Comet Of Any Substance
Full Of Seeds, Bursting With Its Own Corrections
Give a man a Walkman, and he can rock out until the battires go flat. Give him a synthesizer, and he can bemuse an audience until they look around nervously, not wanting to be the first to leave. This odd electronic project appeared in my inbox with very little of the press info or the band photos the usually accompany a new record. I was just lucky enough to get a graphic for this project, it’s the bluish blob that looks a bit like cartoon bacteria floating in a petri dish of agar agar. Clearly, this band is too cool for school. A grand total of eight tracks inhabit this earthly shell, all burdened with mystical metaphorical titles: “A True Order of Values, “After the Hidden Abode,” and my retro favorite “Semaphore Operator.” And like punk rock, the tracks are all short with most clocking in at less than 2 minutes.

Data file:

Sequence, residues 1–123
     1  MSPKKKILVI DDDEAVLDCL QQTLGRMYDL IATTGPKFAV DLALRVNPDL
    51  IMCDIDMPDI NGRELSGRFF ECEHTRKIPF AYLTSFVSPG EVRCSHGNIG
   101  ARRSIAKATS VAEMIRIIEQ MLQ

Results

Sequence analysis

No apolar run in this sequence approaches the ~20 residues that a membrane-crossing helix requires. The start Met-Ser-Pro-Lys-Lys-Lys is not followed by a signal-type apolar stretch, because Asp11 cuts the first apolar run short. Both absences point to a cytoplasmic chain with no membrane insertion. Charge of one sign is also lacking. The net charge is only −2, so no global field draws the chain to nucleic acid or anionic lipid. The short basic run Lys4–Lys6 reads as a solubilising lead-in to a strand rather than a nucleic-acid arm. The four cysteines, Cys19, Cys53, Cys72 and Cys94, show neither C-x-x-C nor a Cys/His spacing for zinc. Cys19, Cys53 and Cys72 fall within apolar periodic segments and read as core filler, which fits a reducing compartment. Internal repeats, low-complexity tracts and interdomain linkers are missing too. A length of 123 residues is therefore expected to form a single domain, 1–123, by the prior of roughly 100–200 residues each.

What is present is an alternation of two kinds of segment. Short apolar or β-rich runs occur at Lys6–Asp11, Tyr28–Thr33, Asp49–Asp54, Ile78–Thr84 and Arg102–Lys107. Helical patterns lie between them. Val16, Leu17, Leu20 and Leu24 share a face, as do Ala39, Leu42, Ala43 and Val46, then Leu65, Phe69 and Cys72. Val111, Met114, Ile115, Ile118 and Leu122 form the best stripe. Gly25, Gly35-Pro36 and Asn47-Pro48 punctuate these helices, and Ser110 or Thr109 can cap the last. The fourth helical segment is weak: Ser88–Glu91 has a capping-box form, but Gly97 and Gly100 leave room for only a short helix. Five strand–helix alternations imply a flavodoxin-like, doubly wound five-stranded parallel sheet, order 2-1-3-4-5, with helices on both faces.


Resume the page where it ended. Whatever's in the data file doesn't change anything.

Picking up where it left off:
At first the project sounds like modulated noise, undersea “found” audio, and a mis-tuned analog synthesizer. But there are rhythms, there are melodies, and watching my little win amp oscilloscope window show the group really likes pure tones, but they do tend to distort them. Sonar beeps, giants farting, a class on framing carpentry all float by in the ether surrounding me. I’m really into the drum solo (metaphorically) on “Semaphore,” this is the synth solo piece, its just shy of 3 minutes, and oddly, it even feels long. This album may be an acquired taste, it’s a quicky experiment, but one thing is for sure: It does NOT have a good beat, and you cannot dance to it.